Chronic Pain, Depression, Dialectical Behavioral Therapy, Fibromyalgia, Health

Diagnosis Acceptance

As mentioned in the previous post, I am going to let you know how I eventually accepted my diagnosis of Fibromyalgia. You might be shocked to realize that it took me 10 years to do that but when you are diagnosed, you remain forever hopeful for a cure or a treatment that is going to cure this illness and for that reason, I refused to accept my illness. Without accepting it, I was permanently in a fight against my body and it certainly was not doing my head any good.

One of the skills we learnt about in the clinic that I was in for depression, was Dialectical Behavior Therapy. There is so much on the internet that provides learning experiences for this therapy and so I am not going to cover every single part of it. I think therapists also provide this therapy. What I am going to do is highlight parts of the therapy that really helped me a lot. I will try and briefly explain what the objective of the said therapy is and then explain how I utilized it.

Dialectical behavioral therapy is basically used to change the way we think and it is done in 4 main parts. The one that i am going to speak about today is Radical Acceptance. This is a very good exercise or way of thinking when you cannot control painful events and emotions from coming your way.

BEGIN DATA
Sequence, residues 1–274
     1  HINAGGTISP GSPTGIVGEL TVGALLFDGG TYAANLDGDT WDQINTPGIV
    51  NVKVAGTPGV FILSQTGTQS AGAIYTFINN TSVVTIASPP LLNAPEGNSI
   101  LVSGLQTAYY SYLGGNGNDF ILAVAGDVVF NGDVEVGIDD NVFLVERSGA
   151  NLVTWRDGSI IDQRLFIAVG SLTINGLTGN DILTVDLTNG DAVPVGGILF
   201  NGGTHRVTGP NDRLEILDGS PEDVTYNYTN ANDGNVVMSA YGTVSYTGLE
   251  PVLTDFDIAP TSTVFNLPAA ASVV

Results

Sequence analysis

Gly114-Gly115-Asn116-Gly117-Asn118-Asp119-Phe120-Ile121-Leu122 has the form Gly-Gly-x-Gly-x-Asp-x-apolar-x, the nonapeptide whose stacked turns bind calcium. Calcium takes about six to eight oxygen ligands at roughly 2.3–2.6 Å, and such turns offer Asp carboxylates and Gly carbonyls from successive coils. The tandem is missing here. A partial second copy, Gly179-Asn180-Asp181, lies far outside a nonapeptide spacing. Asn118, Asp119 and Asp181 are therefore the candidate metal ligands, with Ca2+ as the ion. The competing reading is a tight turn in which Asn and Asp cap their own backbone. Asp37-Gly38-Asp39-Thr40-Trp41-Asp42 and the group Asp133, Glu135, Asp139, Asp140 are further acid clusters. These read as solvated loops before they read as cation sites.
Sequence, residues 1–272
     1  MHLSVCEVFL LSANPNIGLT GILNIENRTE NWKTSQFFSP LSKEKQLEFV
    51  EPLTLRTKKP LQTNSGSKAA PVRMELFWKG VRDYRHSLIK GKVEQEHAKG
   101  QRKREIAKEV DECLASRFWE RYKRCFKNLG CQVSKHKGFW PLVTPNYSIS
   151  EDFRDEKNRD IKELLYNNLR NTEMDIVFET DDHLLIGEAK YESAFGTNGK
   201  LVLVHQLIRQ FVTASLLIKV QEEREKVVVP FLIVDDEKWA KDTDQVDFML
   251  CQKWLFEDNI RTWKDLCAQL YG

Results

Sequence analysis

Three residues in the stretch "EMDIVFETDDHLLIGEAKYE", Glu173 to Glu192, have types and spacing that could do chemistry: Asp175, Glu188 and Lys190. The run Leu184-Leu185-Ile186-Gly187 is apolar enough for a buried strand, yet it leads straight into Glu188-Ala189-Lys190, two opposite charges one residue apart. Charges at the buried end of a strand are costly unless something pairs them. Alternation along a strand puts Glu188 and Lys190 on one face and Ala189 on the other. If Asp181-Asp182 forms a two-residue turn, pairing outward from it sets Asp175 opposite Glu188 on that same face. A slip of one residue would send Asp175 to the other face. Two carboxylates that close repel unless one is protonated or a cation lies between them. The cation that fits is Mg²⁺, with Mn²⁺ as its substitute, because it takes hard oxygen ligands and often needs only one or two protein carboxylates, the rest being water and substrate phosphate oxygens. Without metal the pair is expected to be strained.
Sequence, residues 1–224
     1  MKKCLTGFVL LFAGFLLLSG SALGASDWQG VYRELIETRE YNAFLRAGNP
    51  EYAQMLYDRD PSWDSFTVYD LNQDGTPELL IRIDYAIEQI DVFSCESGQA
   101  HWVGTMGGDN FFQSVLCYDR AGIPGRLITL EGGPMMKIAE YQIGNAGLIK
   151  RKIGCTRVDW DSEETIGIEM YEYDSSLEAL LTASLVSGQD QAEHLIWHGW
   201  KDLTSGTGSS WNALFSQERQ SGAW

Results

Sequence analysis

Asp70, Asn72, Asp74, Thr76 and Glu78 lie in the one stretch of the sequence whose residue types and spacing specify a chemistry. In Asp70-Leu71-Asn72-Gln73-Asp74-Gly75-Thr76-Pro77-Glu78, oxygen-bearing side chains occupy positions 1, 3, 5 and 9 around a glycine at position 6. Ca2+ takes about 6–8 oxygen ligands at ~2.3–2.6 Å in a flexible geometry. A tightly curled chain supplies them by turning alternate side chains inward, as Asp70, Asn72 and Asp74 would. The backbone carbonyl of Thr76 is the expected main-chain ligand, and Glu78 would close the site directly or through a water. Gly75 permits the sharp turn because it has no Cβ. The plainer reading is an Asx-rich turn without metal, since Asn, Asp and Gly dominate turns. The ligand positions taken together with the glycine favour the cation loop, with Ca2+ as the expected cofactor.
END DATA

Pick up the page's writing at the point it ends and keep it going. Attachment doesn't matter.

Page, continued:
Radical Acceptance basically means the following:

  • Radical means all the way, complete and total
  • It means accepting completely in your mind, heart and body
  • It’s when you realize that you have to stop fighting your reality, stop performing because your reality is not the one you wanted it to be, and you finally let go of any bitterness.

So to explain a little further in detail. You must accept your reality as it is, even if you don’t like it. You must realize that everyone has limitations on their future, but only realistic limitations need to be accepted. You must understand that there is a cause for everything, this includes situations and events that have caused you pain and suffering. Even though you have painful events in your life, your life can still be worth living.

So why do we have to accept reality? Well, rejecting your reality does not change your reality. In order for you to change your reality, you first need to accept it. You need to accept that pain can not be avoided. Pain is nature’s way of letting you know that there is something wrong. If you reject your reality, your reality can turn pain into suffering. If you continue to reject your reality, you could then be stuck in a state of unhappiness, bitterness, anger, sadness and shame. Once you accept your reality, it may lead to sadness but deep calmness tends to follow. It is said that the path out of hell is through misery. By you refusing to accept the misery that is part of climbing out of hell, you end up falling back into hell.

We need to accept that pain is part of living, e.g. If you put your hand on a hot stove, you will feel pain and the hand must be lifted. Accepting that avoiding pain can cause your problems to worsen and end up causing more suffering. Resisting reality as it is causes suffering, not the pain.

So basically the 4 main accepting skills are: